A Phase II Randomized Study of OSI-774 in African American Patients With Advanced and Previously Treated Non-Small Cell Lung Cancer (NSCLC)
Rationale: Researchers are seeking to identify treatment regimens with low toxicity for
non-small cell lung cancer (NSCLC), especially for African Americans with this disease who
seem to have a larger burden of comorbidities and decreased performance status. The current
study uses a drug called OSI-774 in previously treated African American patients with NSCLC.
OSI-774 is a targeted agent designed as an EGFR tyrosine kinase inhibitor. Previous research
indicates that tumor cells overexpress EGFR receptors, and this drug works by blocking these
receptors on tumor cells that that help them grow.
OSI-774 is FDA approved for the treatment of patients with non-small cell lung cancer that
had been previously treated with chemotherapy. Unfortunately, very little data exist in the
pharmacokinetics and metabolism of EGFR blockers in African Americans and in the assessment
of how efficacious these agents are in this patient group. Yet, research suggests that EGFR
blockage may have a greater impact on this patient population. Since the development of skin
rash following therapy with EGFR blockers may be a surrogate of obtaining sufficient
concentrations at the tissue level and potential efficacy, the current study is a randomized
phase II trial designed to compare normal dose levels of OSI-774 with dose levels determined
by body weight and with subsequent amounts adjusted further into the study to generate a
skin rash. Through the current study, researchers are testing their theory that this dosing
method will increase the number of patients with effective tissue concentrations and result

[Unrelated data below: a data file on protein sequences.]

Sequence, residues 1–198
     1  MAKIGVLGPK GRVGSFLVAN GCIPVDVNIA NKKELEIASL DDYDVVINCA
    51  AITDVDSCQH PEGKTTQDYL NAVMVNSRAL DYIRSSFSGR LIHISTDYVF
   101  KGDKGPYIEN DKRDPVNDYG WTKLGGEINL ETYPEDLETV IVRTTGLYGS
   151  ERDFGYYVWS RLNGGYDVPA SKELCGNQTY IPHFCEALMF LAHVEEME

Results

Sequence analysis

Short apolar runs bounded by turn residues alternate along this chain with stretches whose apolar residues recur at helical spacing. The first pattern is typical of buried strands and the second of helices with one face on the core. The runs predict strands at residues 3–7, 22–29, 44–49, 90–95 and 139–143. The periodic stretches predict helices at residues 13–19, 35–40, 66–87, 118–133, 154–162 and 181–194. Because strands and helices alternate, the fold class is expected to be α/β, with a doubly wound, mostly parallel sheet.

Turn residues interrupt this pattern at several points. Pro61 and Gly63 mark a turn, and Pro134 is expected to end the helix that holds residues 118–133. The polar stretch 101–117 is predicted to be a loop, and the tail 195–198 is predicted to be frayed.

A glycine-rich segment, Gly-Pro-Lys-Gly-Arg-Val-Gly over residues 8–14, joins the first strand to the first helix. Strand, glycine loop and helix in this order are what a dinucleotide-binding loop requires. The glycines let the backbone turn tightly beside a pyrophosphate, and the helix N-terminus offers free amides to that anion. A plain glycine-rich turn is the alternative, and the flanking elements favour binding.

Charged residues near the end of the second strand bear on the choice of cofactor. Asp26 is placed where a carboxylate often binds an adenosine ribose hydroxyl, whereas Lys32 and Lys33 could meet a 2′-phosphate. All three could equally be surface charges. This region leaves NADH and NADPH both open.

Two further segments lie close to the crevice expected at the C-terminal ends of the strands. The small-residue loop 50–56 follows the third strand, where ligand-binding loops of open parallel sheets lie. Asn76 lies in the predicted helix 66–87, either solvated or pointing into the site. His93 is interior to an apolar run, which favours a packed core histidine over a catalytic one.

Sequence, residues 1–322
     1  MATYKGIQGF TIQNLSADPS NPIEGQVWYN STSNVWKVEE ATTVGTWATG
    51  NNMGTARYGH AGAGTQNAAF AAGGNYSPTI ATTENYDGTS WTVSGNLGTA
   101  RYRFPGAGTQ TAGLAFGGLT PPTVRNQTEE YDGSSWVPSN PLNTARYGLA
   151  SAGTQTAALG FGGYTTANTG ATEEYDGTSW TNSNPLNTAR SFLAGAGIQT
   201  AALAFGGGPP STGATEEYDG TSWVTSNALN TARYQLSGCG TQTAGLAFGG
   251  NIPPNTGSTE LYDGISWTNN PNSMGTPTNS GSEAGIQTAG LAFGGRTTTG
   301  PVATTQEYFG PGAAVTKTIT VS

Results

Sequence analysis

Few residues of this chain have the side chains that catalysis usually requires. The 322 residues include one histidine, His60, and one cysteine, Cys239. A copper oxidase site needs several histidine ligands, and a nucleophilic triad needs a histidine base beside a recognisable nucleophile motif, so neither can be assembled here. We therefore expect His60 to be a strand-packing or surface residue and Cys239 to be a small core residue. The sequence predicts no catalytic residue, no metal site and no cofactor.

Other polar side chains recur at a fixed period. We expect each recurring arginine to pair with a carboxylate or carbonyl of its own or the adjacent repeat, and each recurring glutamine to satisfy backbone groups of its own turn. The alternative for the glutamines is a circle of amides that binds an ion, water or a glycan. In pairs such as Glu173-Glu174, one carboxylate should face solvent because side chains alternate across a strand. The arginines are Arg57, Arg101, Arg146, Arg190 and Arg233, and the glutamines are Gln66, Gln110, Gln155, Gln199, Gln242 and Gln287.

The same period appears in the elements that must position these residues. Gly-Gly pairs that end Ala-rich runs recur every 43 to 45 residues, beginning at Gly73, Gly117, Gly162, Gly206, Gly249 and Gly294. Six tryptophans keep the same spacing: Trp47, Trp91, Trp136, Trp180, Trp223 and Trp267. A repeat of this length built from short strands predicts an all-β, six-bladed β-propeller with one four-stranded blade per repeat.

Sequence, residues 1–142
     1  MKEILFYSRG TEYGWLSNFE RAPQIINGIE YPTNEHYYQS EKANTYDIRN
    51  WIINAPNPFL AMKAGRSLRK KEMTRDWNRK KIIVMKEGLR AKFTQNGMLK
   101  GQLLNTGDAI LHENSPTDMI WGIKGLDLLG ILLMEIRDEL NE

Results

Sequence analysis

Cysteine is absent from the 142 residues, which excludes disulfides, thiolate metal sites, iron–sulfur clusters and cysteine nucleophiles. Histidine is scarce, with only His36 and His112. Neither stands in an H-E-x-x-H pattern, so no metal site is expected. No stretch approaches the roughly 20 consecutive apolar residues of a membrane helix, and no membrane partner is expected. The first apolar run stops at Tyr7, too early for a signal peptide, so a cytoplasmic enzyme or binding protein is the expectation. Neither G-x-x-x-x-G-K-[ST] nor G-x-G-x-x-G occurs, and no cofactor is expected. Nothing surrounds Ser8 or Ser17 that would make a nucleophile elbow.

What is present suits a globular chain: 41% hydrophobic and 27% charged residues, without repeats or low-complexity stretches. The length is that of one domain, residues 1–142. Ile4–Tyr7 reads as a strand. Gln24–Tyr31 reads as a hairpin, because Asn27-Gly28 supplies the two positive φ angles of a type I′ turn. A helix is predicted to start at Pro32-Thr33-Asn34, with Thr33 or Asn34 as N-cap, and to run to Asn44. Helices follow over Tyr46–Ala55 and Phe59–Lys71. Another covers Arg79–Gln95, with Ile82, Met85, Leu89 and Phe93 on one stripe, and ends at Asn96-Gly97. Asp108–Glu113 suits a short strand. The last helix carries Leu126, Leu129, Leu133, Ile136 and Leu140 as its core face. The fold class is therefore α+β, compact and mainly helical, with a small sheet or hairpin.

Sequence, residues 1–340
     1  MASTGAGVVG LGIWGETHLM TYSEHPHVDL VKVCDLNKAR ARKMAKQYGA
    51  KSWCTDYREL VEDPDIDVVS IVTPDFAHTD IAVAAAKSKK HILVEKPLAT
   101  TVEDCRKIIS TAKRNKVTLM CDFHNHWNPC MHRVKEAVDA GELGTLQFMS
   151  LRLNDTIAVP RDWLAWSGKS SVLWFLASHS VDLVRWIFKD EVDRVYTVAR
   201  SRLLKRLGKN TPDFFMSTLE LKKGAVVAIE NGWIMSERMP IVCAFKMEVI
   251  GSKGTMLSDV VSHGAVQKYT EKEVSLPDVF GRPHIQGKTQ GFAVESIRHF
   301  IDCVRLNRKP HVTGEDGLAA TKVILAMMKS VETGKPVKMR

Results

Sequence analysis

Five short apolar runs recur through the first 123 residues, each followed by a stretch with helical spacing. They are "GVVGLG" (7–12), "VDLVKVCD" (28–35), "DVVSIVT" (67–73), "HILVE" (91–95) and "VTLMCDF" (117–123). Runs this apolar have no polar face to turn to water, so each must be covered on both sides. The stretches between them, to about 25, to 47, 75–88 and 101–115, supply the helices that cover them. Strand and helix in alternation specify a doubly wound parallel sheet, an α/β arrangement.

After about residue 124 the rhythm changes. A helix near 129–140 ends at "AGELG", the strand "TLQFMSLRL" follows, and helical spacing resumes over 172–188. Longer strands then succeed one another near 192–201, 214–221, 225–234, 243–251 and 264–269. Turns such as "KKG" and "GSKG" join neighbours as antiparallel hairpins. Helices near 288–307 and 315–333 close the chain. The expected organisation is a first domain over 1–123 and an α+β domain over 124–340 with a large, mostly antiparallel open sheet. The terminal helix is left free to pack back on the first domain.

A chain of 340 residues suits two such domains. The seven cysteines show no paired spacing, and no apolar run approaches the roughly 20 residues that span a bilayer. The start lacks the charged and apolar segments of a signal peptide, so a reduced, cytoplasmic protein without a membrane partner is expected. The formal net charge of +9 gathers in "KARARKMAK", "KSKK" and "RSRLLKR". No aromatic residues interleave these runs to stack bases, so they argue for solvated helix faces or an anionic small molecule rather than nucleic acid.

in an increase in patient responses.
Purpose: The primary objective of this study is to determine the objective tumor response
rate, the time to tumor progression, and the survival rate at one year produced by OSI-774
in previously treated African American patients with advanced NSCLC. A second objective is
to evaluate if a regimen of single agent OSI-774, with dosing initially influenced by body
weight and with subsequent titration to achieve skin rash is a suitable regimen for future
studies of this agent. A third objective is to measure if changes in EGFR from tumor and
blood cells correlate with the development of rash and clinical benefit. The
pharmacokinetics of OSI-774 will also be characterized through study participants.
Treatment: Patients in this study will be given OSI-774. A computer will randomly assign
patients into one of two treatment groups. Group one will be given a standard dose of
OSI-774. The dose of OSI-774 will not be increased in group one. However, patients in group
one will have the dose level decreased due to unacceptable side effects. Group two will
receive OSI-774 at a dose modified to their body weight at study entry and subsequently
adjusted further into the study to generate a skin rash. For all study participants, OSI-774
will be administered daily in oral pills. Several tests and exams will be given throughout
the study to closely monitor patients. Treatments will be discontinued due to disease growth
or unacceptable side effects.
Allocation: Randomized, Endpoint Classification: Efficacy Study, Intervention Model: Parallel Assignment, Masking: Open Label, Primary Purpose: Treatment
tumor response rate
Every 12 weeks
Miguel Villalona, M.D.
Ohio State University
United States: Food and Drug Administration
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